Arctic Warming, Extreme Weather Link Far From Certain
The much ballyhooed polar vortex that brought frigid weather and snow to much of the U.S. in early January, and made headlines a few weeks later, had plausible links to global warming — according to some scientists, anyway. The idea is that rapid climate change in the Arctic has disrupted the jet stream, leading to spates of extreme weather in more temperate latitudes.
It makes sense to John Holdren, the White House science advisor and Harvard physicist: “A growing body of evidence suggests that the kind of extreme cold being experienced by much of the United States as we speak is a pattern that we can expect to see with increasing frequency as global warming continues," he said in a video released in January. “Some people ask, ‘how can changes in the Arctic have such huge effects?’” said Rutgers atmospheric scientist Jennifer Francis, who along with a colleague proposed the theory back in 2012 in an interview. “My response is ‘how can you lose 75 percent of sea ice in the Arctic [in summer] and not have a large-scale impact?”
Visualization of the record low Arctic ice melt in 2012 which reached its minimal extent on September 16. Credit: NOAA
But the nature of that impact is far from clear, say other scientists, arguing that the theory is tentative, at best. In August of 2013, another study argued that the Arctic is not affecting weather further south. And in the Feb. 14, 2014 issue of Science, five prominent climate researchers wrote that “it’s an interesting idea, but . . . the links between Arctic warming and mid-latitude weather are not supported by other observational studies.”
James Screen, an atmospheric scientist at the University of Exeter, in England, agrees. “It’s perfectly reasonable to put out this hypothesis,” he said in an interview. “But the idea has gotten a high profile in the media, which is perhaps not warranted. I’m not saying it’s definitely wrong, but it as a lot of uncertainties and unanswered questions.”
No one argues with the basic premise that the Arctic is warming. In recent decades, the region around the North Pole has been heating up twice as rapidly as the rest of the globe, in a process known as arctic amplification. Like the rest of the planet, the Arctic is being warmed by heat-trapping greenhouse gases. But the effect is boosted by several factors. The increasing loss of sea ice in summer is one: it exposes relatively dark, heat-absorbing water to the rays of the sun, which in turn warms the air. Another is the fact that cold Arctic air warms up more easily than warmer tropical air.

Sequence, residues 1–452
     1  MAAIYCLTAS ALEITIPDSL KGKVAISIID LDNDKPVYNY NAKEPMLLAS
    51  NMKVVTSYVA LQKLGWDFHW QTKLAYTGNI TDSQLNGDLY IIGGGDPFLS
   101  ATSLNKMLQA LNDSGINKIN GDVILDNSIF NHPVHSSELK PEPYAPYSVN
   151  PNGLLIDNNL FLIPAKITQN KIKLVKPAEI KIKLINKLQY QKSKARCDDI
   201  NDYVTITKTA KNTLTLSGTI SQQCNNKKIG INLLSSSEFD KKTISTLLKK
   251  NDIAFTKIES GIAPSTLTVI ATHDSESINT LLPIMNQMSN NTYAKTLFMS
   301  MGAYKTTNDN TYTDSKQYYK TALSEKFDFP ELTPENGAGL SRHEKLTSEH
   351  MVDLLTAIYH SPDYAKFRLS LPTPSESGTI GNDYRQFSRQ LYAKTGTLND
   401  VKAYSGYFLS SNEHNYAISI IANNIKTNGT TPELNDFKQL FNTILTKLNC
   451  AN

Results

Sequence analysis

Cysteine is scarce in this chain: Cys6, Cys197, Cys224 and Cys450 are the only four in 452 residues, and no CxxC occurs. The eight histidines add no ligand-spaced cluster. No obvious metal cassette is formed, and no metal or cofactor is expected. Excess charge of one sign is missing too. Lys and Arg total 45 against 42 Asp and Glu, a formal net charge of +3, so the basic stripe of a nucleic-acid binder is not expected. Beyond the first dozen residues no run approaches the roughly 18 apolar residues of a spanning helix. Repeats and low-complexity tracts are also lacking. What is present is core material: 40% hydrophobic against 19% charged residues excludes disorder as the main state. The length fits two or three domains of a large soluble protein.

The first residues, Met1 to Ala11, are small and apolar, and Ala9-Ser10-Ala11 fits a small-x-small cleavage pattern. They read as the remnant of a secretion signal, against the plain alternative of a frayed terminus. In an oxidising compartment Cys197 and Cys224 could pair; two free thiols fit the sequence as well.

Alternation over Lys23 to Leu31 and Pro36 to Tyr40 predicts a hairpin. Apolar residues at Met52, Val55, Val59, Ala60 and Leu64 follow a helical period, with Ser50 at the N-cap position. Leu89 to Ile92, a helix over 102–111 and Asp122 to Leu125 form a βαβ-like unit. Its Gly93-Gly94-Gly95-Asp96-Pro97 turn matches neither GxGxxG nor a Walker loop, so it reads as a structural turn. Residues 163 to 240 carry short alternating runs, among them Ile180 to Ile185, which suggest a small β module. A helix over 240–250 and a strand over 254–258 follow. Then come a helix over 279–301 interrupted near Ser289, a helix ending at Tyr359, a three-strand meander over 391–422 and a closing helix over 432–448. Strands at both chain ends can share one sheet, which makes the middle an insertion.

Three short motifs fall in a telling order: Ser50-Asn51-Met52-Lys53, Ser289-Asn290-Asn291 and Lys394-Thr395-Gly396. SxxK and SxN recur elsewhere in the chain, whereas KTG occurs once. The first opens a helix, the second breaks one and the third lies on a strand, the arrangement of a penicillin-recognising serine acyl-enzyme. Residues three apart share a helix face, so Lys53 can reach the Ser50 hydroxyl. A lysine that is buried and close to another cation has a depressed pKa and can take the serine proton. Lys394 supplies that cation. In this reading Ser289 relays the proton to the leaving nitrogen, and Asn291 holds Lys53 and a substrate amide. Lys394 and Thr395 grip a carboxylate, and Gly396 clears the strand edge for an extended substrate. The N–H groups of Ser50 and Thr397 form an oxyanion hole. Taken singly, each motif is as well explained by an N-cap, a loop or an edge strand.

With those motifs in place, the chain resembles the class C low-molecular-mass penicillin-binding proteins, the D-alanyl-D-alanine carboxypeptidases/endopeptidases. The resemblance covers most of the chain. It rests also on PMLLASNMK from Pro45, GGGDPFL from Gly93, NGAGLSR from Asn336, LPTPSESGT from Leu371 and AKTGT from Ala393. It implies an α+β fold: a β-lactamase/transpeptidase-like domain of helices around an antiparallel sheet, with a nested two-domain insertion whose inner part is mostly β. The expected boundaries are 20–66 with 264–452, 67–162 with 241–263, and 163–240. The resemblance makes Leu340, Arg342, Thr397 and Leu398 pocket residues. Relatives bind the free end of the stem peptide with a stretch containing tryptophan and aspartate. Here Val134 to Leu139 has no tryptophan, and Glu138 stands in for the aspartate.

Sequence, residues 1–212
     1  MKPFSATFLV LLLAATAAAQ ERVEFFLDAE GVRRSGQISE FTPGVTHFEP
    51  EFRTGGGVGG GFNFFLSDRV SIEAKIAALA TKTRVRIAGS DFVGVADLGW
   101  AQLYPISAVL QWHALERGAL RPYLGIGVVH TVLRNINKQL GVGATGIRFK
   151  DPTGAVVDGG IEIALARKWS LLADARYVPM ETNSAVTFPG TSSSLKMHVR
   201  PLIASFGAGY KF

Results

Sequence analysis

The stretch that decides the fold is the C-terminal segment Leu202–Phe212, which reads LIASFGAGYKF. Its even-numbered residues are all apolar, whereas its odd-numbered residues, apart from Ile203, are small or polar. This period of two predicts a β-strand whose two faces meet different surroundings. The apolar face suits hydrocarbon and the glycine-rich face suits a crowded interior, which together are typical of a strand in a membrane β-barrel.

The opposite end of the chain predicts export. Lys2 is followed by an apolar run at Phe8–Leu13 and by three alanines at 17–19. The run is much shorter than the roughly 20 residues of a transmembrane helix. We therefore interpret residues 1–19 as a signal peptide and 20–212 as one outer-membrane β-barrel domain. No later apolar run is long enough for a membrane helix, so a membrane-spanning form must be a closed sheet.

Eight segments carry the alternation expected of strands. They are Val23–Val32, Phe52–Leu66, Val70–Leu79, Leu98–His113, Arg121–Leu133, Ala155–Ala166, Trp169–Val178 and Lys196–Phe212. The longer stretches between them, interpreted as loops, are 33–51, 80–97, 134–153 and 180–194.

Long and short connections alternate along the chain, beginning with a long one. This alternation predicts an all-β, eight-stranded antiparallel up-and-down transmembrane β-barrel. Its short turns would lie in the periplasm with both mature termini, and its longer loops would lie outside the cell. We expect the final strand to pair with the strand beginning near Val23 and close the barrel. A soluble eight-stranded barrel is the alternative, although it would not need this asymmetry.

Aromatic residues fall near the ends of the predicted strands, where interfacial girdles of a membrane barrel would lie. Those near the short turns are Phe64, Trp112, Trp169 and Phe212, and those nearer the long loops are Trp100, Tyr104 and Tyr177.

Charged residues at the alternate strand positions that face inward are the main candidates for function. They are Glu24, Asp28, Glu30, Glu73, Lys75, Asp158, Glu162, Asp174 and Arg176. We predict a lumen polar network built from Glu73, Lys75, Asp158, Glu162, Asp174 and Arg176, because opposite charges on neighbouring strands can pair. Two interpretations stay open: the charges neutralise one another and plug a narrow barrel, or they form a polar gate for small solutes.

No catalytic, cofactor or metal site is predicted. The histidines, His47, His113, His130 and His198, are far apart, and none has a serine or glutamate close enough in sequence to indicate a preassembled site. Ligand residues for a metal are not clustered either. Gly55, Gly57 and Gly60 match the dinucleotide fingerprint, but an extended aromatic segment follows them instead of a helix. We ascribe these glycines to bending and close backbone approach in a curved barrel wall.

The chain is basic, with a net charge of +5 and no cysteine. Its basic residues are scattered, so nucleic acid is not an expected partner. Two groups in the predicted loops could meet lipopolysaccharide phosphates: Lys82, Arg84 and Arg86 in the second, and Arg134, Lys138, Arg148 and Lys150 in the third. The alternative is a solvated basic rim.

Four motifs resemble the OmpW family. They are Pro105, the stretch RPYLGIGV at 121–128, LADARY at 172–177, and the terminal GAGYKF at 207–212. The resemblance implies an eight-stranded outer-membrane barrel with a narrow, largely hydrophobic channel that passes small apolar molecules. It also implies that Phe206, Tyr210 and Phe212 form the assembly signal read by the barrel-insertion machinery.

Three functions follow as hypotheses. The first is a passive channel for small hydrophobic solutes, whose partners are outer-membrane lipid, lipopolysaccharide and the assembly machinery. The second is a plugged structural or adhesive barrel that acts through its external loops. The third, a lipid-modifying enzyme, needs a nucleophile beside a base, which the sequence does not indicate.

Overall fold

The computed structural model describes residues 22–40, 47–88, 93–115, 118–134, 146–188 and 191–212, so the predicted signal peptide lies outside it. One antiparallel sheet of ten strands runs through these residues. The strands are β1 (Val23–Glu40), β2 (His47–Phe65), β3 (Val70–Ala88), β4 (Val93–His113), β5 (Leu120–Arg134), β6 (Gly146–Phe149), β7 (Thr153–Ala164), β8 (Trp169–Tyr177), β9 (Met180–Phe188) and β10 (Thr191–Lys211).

This rapid warming means the temperature difference between the Arctic and more temperate regions is less than it used to be — and temperature differences, Francis said, are one major driver of the high-altitude jet stream, which in turn steers weather systems across the globe. “When the temperature difference is large, the jet stream blows straight and fast," she said. "When the difference is smaller, the jet stream weakens, and it’s easily deflected.” A wobbly jet stream in turn can trap weather systems — including both heat waves and cold snaps — in place for an unusually long time.
“What we’ve been trying to measure is whether the jet stream is in fact getting wavier, but it’s not easy to measure,” Francis said. The main problem is that the rate of warming in the Arctic only started taking off about 15 years ago. That’s too short a time, she explained, to find a statistically significant trend in the wobbliness of the jet stream. “This is why people are not convinced. We haven’t been able to demonstrate that the effect is happening. But there is no evidence saying that it’s wrong, only that it’ not proven,” she said.
It’s not the only reason other scientists aren’t convinced, however. “The factors that influence weather in mid-latitudes are so many and so varied that it’s questionable whether changes in Arctic alone can make a significant difference,” Screen said.
Francis acknowledges the criticism. “I totally recognize that many other things affect the jet stream. This is very new area. Some people are on board and think (our theory) is plausible, others don’t.”
In a way, the situation resembles the science of climate change itself, circa the late 1980s. At the time, the proposition that increasing concentrations of greenhouse gases would warm the planet was still largely theoretical. Nobody had yet demonstrated that it was actually happening — although the concrete evidence would start to emerge just a year or two later.
The difference: back then, while the case wasn’t proven, most climate scientists were confident that it was only a matter of time. In the case of the Arctic warming-extreme weather link, that sort of confidence is conspicuously absent.
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